Formed 2004 ... Herts 7s U14 Runners-up 2005 ... North Herts U14 team, Herts Youth Games 2005 runners-up (coached by Letchworth)... Herts Superteams U14 Runners-up 2005 ... Herts SuperTeams "Fairplay" winners 2006 ... Rochford 10s U17 Champions 2006 ... East Midlands 10s U17 Runners-up 2007 ... East Midlands 10s U17 "Fairplay" winners 2007 ... National 10s U17 5th place and "Fairplay" winners 2007 ... Herts 7s U17 Plate runners-up 2007 ... National 7s U17 Plate winners 2007 ... RFU "President's XV" Award winners 2007 ... Herts Superteams winners 2007 ... Midlands 10s U18 Runners-up 2008 ... National 10s U18 4th place 2008 ... North Herts U11 team, Herts Youth Games 2008 runners-up (coached by Letchworth girls) ... London and SE 7s U18 Plate runners-up 2008 ... Herts 7s U18s runners-up 2008 ... National 7s U18s quarter-finalists 2008 ... Gloucester City 10s U18 Bowl runner-up (6th) 2009 ... Worthing 10s U18 Plate runner-up 2009 ... National 7s U18 Plate winners 2009... Worthing 10s U15 Plate winners 2010... Worthing 10s U18 Shield winners 2010... Herts 7s U15 and U18 Bowl runners-up 2010... National 7s U18 Plate runners-up 2010...

Thursday, April 24, 2008

If you care about your game, this really does matter...

The proposed (and ever so slightly controversial) changes to the the laws known as the ELVs - the Experimental Law Variations - have been mentioned on the blog in the past. These rule changes are more than a boring technical matter only likely to be of interest to Joe and referees - many knowledgeable followers of the game say that these will make fundamental changes to the way the game is played.

These concerns are even being expressed by the RFU. Chief Executive Francis Baron has said: "We have a number of concerns about the ELVs and the proposed process that is being followed regarding their introduction."

Because of this the RFU are - perhaps uniquely in a situation like this - consulting everyone involved in the game at every level - including you. The RFU has compiled an online questionnaire and are "urging everyone with an interest in the future of our game to go to and spend ten minutes completing the questionnaire so we can paint as accurate a picture as possible of people's views in England when the matter comes up for debate at the IRB in May."

So - what are these changes? Well, there are a fair few and the IRB have produced a summary, so maybe its worth highlighting some.

Some are a bit trivial, like touch-judges becoming "assistant referees". One is tempted to ask quite why this is deemed necessary, or more to the point why the heck rugby would be aiming to ape football, but there are bigger matters of concern... and the touchline is due to become a pretty crowded place (as we shall see later) so maybe the TJs need a higher profile?

So let's look elsewhere. Here's a good one...

Corner post, and post at corner of touch in goal and dead ball line not considered to be touch in goal unless the ball is grounded against the post.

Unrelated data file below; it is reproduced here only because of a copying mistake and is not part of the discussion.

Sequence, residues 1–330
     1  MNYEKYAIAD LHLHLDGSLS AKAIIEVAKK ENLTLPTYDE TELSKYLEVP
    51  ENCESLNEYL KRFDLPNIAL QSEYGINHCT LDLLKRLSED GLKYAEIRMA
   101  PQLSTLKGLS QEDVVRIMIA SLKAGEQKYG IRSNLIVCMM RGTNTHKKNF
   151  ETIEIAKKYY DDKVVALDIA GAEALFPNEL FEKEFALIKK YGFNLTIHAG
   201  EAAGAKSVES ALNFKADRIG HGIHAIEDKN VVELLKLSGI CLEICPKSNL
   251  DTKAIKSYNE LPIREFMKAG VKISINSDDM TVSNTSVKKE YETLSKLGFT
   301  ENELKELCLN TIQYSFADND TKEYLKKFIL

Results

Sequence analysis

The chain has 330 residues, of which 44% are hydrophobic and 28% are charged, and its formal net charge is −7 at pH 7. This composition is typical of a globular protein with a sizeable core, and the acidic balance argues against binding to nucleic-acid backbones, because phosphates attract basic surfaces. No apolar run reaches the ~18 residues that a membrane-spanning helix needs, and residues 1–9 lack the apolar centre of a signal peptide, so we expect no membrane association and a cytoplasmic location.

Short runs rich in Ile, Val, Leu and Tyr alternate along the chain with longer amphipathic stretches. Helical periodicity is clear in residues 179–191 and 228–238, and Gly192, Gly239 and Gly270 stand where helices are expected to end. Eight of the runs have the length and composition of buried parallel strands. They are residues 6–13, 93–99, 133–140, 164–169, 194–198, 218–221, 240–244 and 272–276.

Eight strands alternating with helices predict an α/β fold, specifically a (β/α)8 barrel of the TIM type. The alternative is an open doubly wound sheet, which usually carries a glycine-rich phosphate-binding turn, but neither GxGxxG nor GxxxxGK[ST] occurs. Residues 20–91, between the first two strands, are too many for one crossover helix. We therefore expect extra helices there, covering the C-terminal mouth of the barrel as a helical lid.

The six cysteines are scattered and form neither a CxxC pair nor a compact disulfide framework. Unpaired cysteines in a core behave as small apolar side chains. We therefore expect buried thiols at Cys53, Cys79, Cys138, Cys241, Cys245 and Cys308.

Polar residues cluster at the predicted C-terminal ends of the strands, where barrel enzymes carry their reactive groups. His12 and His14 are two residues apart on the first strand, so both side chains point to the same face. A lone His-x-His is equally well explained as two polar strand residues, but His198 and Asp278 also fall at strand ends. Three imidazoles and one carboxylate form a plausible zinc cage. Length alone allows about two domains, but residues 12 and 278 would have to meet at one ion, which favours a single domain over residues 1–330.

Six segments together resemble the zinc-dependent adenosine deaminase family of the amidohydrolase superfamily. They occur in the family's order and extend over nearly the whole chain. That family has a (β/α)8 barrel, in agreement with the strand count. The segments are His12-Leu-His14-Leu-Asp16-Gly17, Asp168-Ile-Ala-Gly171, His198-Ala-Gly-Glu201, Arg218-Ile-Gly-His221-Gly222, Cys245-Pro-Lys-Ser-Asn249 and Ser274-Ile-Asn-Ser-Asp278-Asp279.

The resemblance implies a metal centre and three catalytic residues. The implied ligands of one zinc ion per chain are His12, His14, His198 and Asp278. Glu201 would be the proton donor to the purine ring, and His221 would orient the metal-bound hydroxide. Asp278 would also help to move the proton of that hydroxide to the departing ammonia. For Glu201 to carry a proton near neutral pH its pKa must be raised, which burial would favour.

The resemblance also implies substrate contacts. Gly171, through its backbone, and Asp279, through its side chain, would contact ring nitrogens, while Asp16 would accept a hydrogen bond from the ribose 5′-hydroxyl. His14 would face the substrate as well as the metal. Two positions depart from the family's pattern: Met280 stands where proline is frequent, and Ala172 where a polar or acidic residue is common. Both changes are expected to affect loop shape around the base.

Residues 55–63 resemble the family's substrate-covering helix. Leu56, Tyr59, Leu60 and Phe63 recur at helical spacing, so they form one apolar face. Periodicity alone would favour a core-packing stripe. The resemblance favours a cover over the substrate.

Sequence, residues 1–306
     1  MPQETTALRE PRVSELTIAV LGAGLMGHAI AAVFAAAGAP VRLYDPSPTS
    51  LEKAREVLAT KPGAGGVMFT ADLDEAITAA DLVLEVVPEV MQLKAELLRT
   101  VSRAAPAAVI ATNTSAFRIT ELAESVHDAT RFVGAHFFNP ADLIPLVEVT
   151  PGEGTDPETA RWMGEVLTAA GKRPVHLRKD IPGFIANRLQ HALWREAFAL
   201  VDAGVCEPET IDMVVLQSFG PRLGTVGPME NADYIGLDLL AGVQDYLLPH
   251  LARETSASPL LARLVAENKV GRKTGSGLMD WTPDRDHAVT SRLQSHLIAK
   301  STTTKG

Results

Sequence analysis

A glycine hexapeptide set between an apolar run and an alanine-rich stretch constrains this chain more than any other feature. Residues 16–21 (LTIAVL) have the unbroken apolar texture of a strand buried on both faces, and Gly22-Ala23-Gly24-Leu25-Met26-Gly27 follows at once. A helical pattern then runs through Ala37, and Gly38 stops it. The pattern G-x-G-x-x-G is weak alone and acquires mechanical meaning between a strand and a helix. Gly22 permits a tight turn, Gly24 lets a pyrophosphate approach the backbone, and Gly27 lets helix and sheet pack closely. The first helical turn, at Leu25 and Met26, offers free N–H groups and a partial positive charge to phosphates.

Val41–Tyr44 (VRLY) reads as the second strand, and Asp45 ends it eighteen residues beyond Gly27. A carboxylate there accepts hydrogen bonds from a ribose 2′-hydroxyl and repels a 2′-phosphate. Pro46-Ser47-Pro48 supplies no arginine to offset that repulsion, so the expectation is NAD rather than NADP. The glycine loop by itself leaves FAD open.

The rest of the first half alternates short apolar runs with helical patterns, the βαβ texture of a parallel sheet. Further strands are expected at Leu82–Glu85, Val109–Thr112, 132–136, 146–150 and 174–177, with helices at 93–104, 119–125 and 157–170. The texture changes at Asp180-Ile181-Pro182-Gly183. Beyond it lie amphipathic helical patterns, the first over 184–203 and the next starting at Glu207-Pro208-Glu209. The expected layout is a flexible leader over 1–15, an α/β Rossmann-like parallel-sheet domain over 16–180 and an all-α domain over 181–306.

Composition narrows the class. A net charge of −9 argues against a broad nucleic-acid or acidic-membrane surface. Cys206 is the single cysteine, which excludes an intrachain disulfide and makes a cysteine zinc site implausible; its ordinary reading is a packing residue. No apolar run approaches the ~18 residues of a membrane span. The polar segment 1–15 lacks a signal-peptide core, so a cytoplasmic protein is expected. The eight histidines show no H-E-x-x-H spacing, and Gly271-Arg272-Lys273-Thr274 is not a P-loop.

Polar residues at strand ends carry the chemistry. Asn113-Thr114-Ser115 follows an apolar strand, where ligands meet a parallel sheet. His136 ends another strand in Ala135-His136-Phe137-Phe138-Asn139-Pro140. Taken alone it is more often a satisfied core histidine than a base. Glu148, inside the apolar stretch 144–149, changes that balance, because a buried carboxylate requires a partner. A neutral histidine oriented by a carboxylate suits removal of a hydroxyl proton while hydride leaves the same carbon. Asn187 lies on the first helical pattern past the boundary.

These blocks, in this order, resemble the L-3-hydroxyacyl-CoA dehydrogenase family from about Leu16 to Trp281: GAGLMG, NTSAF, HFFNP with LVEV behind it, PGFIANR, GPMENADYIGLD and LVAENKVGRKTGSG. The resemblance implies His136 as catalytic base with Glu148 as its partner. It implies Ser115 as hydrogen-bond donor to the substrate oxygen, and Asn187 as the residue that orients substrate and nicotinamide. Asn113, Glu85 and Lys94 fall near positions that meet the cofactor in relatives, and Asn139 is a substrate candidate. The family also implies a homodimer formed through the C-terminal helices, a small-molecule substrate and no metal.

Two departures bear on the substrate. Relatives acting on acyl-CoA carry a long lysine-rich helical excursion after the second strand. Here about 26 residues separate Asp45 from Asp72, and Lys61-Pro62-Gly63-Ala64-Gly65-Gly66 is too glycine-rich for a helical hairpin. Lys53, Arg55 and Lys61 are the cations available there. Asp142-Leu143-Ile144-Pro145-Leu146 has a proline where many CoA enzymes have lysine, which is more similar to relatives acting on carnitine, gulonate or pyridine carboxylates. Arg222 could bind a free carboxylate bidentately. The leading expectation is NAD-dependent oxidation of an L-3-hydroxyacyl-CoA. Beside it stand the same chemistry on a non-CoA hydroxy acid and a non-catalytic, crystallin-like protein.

This means that if you hit the corner flag on the tryline when scoring a try you will no longer be considered to be in touch. Instead you will only be in touch if you actually put a foot over the line. So a reasonably obvious indicator will be replaced with something that will require a TV replay, or in other words something that will lead to endless arguments at our level. Nice one.

Are you a forward (and especially a prop)? Well, looks like you could become close to unemployed as a whole raft of offences that previously resulted in scrums (or even penalties) will now become free kicks. These include...
  • Line-out throws that are not straight
  • Ball unplayable (ie. not emerging) from a ruck or maul
  • Offences at kick-offs or restarts (ie. the ball not going 10m)
  • All other offences (other than offside, not entering through the gate, and
    Foul Play).

Quite a few new offside lines appear. The scrum half and non-throwing hooker at a line out would have to stand 2m back, and the defending side at a scrum will now have to stand 5m back. In some drafts these extra lines will be patrolled by "flag judges" (cue hilarity as FJs and TJs - sorry ARs - collide while running different directions).

But all this pales into insignificance when compared with the next two belters....

  • Players on their feet may handle the ball in the ruck.
  • Defending players can pull down the maul.

Yes - you did read that right. Just think about what this means (again, especially if you are a forward) - essentially no more mauls, and an end to rucks too - at least as we know them.

So... this is important. It matters. And not just if you are a prop (who should now be considered to be on the endangered species list). You do not have to be a genius to read between the lines and see that the RFU is not exactly supporting all this and is looking to you to give them evidence to show that the games at large does not want the changes either. So spare a bit of time and follow the link

1 comment:

  1. Please all vote and show your support of the game as it stands.

    Although some of the ELVs will without doubt improve our game others will undoubtably devalue the role of the forwards.

    Effectively ruining any teams chance of playing a forwards based game of rugby.

    See you all at National 10s


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